Relative Sea-level Change and Submerged Coastal Landforms

During the coldest stages of the Ice Age, sea levels around St Kilda were up to 120m lower than they are today. Two distinct erosion surfaces (platforms) have been formed during the period of lower sea level, each backed by a line of cliffs. A superb assemblage of rock coast landforms including submerged caves, stacks and arches is associated with these cliffs, and platforms, in particular with the surface at –40m. These features have been subsequently drowned by rising sea level following the melting of the last ice sheet so that the platforms now lie submerged at 120m and 40m below present sea level. The lower surface covers at least 40km2and is believed to have been cut at the time of the maximum extent of the last Scottish ice sheet, around 22,000 years ago when sea level was around –120m. The upper surface is more complex, with two sub-surfaces occurring at around –80m and –40m. The higher stepped platform is thought to have been cut during the last cold spell of the Ice Age, around 12,600-11,500 years ago when local sea levels were 40m below present levels. Possibly both features partly represent inherited surfaces which were cut during earlier periods of relatively lower sea levels and re-occupied and extended during the Last Glacial Maximum and during the Loch Lomond Stadial, respectively.

Thus the large-scale form of the cliff line that characterises the present coastline of the St Kilda archipelago is essentially a relict feature. Although active today, as indicated by cliff-foot caves, geos, notches and overhangs, it has only been slightly modified by marine processes since the end of the last glaciation.

 

Figure 3.8: Bathymetric map of the St Kilda archipelago. A. The outline of St Kilda with sea-level 120m below that of today. This scenario would have applied during periods of maximum ice sheet glaciation (viz. c. 22,000 years ago). B. The outline of St Kilda with sea-level 80m below that of today. This scenario would have applied during periods of less extensive ice sheet glaciation. C. The outline of St Kilda with sea level 40m below that of today. This scenario would have applied during periods of less extensive glaciation (viz. c. 12,000 years ago)(modified from Sutherland, 1984).

The islands of Hirta, Soay and Boreray would have been one large island at the time of the Last Glacial Maximum, linked by the shore platform surfaces. The rise in relative sea level from 120m to 40m below present would have led to the separation of Hirta, Soay and Boreray. To the west, a pronounced 40m high cliffline separates this lower platform from the higher one which slopes gently between –80m and –40m. The present coastal edge of the St Kilda islands and sea stacks formed contemporaneously with the cutting of this upper platform so that the present clifflines and stacks continue 40m underwater. Hence around 11,000 years ago, the cliffs at Conachair would have risen 470m above sea level and Stac an Armin would have towered 231m above the platform surface!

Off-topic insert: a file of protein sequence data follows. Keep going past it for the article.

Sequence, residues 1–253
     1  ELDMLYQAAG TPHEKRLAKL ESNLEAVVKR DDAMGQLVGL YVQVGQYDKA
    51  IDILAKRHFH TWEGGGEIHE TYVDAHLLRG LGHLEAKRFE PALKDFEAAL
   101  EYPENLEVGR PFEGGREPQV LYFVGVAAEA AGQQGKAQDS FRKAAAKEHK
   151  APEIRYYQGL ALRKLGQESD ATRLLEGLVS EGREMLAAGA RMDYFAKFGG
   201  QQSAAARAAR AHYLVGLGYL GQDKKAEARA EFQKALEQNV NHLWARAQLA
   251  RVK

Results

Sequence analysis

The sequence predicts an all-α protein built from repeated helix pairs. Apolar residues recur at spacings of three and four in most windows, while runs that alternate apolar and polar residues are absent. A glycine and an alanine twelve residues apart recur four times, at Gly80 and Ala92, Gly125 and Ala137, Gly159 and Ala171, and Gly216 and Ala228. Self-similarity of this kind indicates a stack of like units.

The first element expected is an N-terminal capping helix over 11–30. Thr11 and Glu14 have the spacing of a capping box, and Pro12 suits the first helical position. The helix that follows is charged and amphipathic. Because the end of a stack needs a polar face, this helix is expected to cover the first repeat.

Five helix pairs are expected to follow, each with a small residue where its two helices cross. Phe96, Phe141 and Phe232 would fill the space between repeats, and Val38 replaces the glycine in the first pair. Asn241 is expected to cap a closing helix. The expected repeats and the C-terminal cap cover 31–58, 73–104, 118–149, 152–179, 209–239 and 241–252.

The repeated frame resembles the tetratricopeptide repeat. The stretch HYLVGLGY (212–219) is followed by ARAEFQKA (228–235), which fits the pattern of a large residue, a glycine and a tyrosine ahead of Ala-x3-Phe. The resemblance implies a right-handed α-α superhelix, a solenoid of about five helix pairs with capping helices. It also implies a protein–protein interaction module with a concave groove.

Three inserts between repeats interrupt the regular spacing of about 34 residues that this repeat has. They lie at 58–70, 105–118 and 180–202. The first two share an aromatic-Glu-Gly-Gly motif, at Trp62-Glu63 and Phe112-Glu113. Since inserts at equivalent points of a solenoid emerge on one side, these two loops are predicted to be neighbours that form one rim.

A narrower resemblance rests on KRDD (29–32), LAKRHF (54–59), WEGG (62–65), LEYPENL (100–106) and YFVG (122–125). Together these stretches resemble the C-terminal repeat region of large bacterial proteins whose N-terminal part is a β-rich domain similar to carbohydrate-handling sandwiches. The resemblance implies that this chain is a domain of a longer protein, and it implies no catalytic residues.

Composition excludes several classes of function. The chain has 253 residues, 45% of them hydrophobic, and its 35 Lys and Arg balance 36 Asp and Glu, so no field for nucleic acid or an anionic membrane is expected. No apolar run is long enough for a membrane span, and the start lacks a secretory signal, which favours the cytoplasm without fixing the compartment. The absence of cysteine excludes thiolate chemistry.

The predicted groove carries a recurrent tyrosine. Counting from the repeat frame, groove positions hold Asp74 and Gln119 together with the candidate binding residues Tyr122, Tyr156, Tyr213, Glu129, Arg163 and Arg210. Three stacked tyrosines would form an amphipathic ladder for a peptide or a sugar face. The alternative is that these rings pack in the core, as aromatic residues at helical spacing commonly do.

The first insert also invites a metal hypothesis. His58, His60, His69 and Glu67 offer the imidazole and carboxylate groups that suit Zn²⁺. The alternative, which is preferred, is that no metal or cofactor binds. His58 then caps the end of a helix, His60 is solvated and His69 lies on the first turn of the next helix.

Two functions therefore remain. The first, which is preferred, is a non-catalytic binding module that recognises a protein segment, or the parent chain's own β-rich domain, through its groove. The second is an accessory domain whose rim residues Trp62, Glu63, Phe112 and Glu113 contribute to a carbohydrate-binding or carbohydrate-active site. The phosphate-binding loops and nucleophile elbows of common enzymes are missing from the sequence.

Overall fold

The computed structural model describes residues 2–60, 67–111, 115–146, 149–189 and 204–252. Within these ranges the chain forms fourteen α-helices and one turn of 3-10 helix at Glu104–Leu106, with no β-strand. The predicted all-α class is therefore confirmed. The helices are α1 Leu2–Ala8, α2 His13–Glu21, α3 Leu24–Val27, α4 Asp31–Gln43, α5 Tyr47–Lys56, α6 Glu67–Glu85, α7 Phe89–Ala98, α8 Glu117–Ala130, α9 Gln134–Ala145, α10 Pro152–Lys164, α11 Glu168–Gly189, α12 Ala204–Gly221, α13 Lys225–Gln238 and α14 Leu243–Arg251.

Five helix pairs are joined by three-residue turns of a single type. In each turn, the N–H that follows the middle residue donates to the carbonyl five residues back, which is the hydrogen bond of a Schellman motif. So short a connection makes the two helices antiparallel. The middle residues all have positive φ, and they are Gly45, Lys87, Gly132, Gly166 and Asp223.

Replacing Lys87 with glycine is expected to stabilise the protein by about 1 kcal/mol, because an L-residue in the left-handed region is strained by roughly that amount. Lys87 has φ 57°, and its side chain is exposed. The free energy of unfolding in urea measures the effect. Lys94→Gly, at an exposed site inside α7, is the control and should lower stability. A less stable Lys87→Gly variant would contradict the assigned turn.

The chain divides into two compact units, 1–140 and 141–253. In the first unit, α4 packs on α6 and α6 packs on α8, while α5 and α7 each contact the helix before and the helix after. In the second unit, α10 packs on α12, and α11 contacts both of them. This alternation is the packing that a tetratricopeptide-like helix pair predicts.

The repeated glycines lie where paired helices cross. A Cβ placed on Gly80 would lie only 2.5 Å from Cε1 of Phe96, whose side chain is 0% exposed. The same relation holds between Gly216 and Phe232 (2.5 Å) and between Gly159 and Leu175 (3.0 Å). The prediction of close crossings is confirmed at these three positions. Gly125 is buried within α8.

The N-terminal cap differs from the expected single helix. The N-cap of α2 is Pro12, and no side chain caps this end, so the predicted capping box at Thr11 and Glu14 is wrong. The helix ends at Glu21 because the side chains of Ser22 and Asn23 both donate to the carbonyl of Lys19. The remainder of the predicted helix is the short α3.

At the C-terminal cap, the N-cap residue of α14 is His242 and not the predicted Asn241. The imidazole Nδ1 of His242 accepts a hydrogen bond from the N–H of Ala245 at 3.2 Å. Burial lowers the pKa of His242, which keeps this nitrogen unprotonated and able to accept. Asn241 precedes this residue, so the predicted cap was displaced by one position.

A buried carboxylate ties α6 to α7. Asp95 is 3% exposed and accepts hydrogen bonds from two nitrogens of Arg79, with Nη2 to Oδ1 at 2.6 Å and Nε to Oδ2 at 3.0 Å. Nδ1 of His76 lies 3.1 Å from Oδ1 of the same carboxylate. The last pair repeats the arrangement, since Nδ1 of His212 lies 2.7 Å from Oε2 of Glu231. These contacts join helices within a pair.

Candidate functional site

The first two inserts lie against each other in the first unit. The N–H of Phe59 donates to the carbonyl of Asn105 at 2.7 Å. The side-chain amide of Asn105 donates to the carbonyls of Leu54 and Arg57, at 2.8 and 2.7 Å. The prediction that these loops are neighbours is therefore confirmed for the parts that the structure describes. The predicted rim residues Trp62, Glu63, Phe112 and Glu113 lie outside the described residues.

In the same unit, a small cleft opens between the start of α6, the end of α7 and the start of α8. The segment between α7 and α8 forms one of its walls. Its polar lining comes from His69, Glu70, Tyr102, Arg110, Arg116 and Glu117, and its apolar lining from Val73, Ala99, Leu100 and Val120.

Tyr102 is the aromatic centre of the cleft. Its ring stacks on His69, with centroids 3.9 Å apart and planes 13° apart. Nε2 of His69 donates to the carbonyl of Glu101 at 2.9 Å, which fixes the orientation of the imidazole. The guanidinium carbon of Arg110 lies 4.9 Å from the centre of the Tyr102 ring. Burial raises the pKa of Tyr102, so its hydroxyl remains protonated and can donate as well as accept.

The present cliffline around the islands is exposed to extremely high energy swell and storm wave action so that coastal erosion might be expected to be highly effective today. However, the cliffline extends uninterrupted to –40m with no evidence of a clear platform or notch at or close to present sea level. This contrast with the submerged cliffs and platforms may reflect the involvement of cold-climate processes (particularly intense frost shattering and sea-ice processes in the inter/tidal zone) in the formation of the latter, as on high-latitude shores today. Thus, the absence of a modern shore platform does not signify the absence of erosion, but rather that present conditions are not optimal for shore platform formation. In effect the large-scale form of the St Kilda coastline is essentially a relict feature which was formed earlier in the Ice Age by a combination of frost shattering, sea ice and wave action. The submerged platforms, cliffs, caves, stacks, arches and tunnels and boulder beaches that form the dramatic underwater scenery of St Kilda therefore reflect a particular combination of conditions that is not exactly replicated today.